One communication method that Becky White PR focuses on more than Weber Shandwick is Influencer Marketing. Using influencers, typically on digital platforms, allows for the possibility of causing effect, changing behaviour and driving measurable outcomes online. Influencers form strong unions with their like-minded followers within social networks and through valuable and meaningful interaction are able to possess the capacity to influence these followers on a variety of factors (Solis, 2012). Due to the sudden rush in ‘nobody’s becoming somebody’ as a result of the rise in popularity of social media, there is arguably more influencers now than ever before.

Influencers, depending on what they are known for i.e. fitness, can be perfect matches for Weber or Becky’s clients brand that they are trying to promote. This can be useful for targeting specific niche audiences that may be harder to engage with otherwise. In some ways it could be argued that influencers are ‘brand ambassadors’. It is essential that the agencies fully understand the following that these influencers may have in order to identify the best suited influencer for their client.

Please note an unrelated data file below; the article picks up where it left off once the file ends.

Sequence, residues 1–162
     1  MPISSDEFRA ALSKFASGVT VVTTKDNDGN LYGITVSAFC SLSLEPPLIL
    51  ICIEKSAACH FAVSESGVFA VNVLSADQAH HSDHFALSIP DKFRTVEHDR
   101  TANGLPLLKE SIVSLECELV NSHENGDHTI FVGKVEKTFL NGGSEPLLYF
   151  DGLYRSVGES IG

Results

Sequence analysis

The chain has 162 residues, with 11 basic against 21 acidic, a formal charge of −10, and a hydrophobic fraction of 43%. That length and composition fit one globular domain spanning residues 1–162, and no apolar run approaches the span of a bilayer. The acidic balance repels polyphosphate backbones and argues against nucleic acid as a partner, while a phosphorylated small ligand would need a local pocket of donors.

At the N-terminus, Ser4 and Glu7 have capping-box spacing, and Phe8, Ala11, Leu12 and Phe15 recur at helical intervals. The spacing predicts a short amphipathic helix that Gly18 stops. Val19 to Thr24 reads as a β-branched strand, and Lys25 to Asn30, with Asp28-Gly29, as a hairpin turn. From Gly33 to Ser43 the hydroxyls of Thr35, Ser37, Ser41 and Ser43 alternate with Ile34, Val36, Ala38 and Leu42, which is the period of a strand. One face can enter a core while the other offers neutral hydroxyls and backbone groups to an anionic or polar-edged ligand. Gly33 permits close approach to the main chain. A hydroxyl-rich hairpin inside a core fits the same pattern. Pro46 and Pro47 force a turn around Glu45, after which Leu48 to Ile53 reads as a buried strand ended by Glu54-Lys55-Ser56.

Influencers can be encouraged to share content with their followers through multiple methods. Most of the time bigger agencies such as Weber Shandwick will pay the influencer a large sum of money to guarantee them to produce content for their followers. However, for smaller agencies, such as Becky White that don’t have the same budget, they have to rely on other methods. Becky White often has to build a strong trust with her influencers. She currently has a large number of influencers she has worked with over a number of years to build these strong relationships and often simply sending these influencers an item will lead to them sharing it with their followers.

7.0 Importance of Internships for Employers

It can be argued that many businesses who do offer internship programmes have much to gain from them. Businesses worldwide have embraced internship programmes due to them realising the importance of offering them.